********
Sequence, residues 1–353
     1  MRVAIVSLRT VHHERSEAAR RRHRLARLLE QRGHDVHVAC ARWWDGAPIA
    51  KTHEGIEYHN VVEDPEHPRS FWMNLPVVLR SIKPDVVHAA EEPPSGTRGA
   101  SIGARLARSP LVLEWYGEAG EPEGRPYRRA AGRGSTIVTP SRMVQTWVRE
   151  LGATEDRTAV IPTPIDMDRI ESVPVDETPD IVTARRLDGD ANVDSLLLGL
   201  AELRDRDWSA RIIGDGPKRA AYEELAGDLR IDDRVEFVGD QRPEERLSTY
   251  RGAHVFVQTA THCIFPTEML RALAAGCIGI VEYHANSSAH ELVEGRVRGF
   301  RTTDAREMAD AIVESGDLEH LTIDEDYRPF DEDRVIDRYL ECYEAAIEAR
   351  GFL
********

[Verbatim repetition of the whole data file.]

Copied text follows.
Sequence, residues 1–353
     1  MRVAIVSLRT VHHERSEAAR RRHRLARLLE QRGHDVHVAC ARWWDGAPIA
    51  KTHEGIEYHN VVEDPEHPRS FWMNLPVVLR SIKPDVVHAA EEPPSGTRGA
   101  SIGARLARSP LVLEWYGEAG EPEGRPYRRA AGRGSTIVTP SRMVQTWVRE
   151  LGATEDRTAV IPTPIDMDRI ESVPVDETPD IVTARRLDGD ANVDSLLLGL
   201  AELRDRDWSA RIIGDGPKRA AYEELAGDLR IDDRVEFVGD QRPEERLSTY
   251  RGAHVFVQTA THCIFPTEML RALAAGCIGI VEYHANSSAH ELVEGRVRGF
   301  RTTDAREMAD AIVESGDLEH LTIDEDYRPF DEDRVIDRYL ECYEAAIEAR
   351  GFL